Cumberland Times-News

Opinion

March 11, 2013

It’s a bad bill

Act would limit voters’ ability to seek a referendum

Maryland legislators should vote down a proposal that would make it more difficult to petition a law through a referendum by voters.

A Montgomery County Democrat senator, Richard Madaleno Jr., is sponsoring a bill that would require petitioners to gather more signatures to put a law up for referendum.

In last November’s election, state voters had a chance to make their voices heard on the same-sex marriage law and allowing illegal immigrants to pay in-state tuition at public colleges. As it turned out, both laws were upheld by voters. But the measures were so controversial that they were settled once and for all when a majority of Maryland voters gave their approval at the ballot box.

Maryland's constitution allows voters to put to referendum all new bills, except budget bills and measures involving the manufacture and sale of liquor. Petitioners are required to gather signatures equal to 3 percent of the number of people who voted in the most recent governor's race. Because 1.9 million people voted in the 2010 contest, that means petitioners would have to gather about 55,000 signatures to put a law on the ballot.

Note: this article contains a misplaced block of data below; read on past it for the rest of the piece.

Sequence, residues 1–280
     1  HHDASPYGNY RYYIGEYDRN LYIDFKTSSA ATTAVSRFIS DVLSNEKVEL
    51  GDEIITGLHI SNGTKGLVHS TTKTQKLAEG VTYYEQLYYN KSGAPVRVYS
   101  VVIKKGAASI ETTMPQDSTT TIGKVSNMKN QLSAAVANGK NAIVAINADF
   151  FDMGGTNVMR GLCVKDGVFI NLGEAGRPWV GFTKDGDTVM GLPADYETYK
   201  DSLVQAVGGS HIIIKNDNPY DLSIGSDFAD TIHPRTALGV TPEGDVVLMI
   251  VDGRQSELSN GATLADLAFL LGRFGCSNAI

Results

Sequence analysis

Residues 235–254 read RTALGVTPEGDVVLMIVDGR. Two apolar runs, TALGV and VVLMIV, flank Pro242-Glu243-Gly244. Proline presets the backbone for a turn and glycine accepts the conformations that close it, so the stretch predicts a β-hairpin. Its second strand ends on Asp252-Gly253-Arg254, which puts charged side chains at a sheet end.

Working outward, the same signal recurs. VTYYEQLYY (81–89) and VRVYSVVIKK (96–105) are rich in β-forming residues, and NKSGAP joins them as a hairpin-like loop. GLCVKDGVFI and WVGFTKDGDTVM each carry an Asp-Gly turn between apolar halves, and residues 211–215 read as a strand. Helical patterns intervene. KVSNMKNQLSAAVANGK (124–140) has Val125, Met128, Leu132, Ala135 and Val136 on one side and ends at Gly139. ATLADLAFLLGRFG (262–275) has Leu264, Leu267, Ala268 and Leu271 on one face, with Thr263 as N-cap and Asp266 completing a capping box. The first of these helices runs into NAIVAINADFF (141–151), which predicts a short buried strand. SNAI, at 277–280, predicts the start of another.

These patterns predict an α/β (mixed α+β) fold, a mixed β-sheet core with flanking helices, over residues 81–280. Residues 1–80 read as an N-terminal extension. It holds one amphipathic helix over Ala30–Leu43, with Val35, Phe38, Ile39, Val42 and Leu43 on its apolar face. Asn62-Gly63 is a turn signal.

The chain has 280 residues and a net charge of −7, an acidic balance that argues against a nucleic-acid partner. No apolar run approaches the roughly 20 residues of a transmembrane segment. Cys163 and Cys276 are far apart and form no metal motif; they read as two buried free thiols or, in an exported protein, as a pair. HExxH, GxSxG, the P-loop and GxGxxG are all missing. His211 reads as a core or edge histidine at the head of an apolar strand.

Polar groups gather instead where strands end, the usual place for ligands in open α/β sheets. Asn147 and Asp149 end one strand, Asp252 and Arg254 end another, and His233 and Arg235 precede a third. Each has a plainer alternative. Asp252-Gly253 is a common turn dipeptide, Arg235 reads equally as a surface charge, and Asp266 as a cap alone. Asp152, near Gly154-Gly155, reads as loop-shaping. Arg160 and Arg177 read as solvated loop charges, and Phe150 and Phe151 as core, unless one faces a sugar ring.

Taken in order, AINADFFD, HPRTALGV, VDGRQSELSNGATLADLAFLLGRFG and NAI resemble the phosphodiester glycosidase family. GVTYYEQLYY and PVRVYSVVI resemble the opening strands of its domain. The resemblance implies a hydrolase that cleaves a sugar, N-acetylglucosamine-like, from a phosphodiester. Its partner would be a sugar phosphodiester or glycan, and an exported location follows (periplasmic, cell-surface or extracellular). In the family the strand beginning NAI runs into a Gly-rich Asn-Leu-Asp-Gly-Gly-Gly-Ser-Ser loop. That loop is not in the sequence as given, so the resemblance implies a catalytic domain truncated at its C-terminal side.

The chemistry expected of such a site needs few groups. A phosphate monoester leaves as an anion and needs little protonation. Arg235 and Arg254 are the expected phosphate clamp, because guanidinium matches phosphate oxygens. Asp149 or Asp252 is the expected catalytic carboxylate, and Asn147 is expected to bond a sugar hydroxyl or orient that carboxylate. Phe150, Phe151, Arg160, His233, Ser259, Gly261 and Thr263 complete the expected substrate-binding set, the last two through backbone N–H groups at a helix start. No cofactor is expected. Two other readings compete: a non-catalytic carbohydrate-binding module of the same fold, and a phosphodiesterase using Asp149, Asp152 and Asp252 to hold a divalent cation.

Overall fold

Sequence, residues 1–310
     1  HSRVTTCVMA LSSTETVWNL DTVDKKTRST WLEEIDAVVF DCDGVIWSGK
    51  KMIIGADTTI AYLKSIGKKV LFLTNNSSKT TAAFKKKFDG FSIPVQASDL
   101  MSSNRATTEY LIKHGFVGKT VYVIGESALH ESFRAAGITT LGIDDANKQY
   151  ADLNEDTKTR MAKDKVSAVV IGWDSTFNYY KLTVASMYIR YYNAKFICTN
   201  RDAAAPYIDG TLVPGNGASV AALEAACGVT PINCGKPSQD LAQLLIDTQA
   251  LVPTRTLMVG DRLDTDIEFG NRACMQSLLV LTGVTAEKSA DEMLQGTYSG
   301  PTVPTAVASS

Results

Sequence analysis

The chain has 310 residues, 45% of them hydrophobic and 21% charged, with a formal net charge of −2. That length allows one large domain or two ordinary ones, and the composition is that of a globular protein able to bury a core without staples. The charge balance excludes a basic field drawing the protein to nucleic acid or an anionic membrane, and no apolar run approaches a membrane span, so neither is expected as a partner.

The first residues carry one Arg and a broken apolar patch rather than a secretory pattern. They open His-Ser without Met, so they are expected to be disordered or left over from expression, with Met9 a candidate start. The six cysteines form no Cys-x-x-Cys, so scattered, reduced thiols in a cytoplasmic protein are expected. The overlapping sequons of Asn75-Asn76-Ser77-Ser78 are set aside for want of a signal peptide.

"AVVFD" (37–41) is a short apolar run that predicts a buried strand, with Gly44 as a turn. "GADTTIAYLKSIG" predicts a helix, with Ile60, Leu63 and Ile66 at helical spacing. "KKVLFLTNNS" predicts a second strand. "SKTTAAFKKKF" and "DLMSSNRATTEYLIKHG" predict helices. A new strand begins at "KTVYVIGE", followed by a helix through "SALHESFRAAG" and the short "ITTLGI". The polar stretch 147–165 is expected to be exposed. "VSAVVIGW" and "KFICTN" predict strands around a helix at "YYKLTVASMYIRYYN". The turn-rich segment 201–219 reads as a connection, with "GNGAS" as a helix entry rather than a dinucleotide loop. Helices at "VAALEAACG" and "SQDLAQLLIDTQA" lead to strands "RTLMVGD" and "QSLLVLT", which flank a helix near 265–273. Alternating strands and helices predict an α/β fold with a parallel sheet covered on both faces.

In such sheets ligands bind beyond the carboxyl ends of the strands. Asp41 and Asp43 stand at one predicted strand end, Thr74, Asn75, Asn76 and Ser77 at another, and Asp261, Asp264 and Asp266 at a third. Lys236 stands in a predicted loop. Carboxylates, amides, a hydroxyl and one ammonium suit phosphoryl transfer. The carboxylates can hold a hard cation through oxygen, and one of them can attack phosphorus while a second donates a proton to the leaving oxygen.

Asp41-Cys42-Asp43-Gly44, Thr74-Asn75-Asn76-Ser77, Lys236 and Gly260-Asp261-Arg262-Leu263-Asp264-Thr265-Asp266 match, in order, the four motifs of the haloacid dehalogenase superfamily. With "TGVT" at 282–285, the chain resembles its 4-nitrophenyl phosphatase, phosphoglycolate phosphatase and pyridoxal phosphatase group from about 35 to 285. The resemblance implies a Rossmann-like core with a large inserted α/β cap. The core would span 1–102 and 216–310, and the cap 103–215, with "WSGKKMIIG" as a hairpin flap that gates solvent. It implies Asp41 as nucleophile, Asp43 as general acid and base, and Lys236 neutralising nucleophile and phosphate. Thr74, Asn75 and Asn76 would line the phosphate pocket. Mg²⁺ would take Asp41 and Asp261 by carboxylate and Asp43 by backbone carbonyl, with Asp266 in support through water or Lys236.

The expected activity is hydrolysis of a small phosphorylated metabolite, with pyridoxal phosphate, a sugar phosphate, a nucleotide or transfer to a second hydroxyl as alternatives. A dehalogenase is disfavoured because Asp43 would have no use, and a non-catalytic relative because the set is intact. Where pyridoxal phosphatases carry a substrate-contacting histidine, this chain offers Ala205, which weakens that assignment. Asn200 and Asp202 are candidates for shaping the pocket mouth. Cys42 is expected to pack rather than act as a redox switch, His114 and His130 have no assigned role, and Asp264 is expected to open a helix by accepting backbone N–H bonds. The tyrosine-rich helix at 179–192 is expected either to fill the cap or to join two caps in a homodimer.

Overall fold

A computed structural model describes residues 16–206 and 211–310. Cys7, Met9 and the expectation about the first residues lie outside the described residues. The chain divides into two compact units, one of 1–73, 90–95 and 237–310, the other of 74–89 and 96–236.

Madaleno's amendment would change that to 5 percent of the total number of registered voters. With about 3.8 million registered voters in Maryland, petitioners would need about 188,000 signatures under the new rules — more than three times as many.

The proposal is being opposed by Common Cause of Maryland. "We are concerned that Madaleno's bill would raise the bar, making it that much harder for citizens to have their voices heard," Jennifer Bevan-Dangel, executive director of Common Cause Maryland, told the Washington Post. "The petition process, in the states that have both initiative and referendum, has seen reforms to how redistricting occurs, reforms dealing with campaign finance law and ethics laws. Sometimes people have a clearer view of things than the legislature."

Opposition also is coming from the American Civil Liberties Union. Sara Love, public policy director for the Maryland chapter of  the ACLU, doesn't oppose the 5 percent requirement — she noted most states with referendums require between 5 and 12 percent of the number of votes cast in the last governor's race — but the ACLU is opposed to requiring that percentage to come from the number of registered voters.

Making it more difficult to force a law into a referendum is not good government. Instead of discouraging people to use the democratic process, the state should be more interested in enabling voters.

1
Text Only
Opinion
  • The first step The first step

    If all goes as planned, Frostburg State University will one day offer a doctorate in nursing, a physician’s assistant program and a new health sciences building on campus.

    April 15, 2014 1 Photo

  • Translations differ, but the message is eternal

    This letter is in response to a recent letter titled “One cannot compromise on God’s word” (April 13 Times-News). I had previously written a letter titled “Why are compromises so difficult to achieve” (April 7).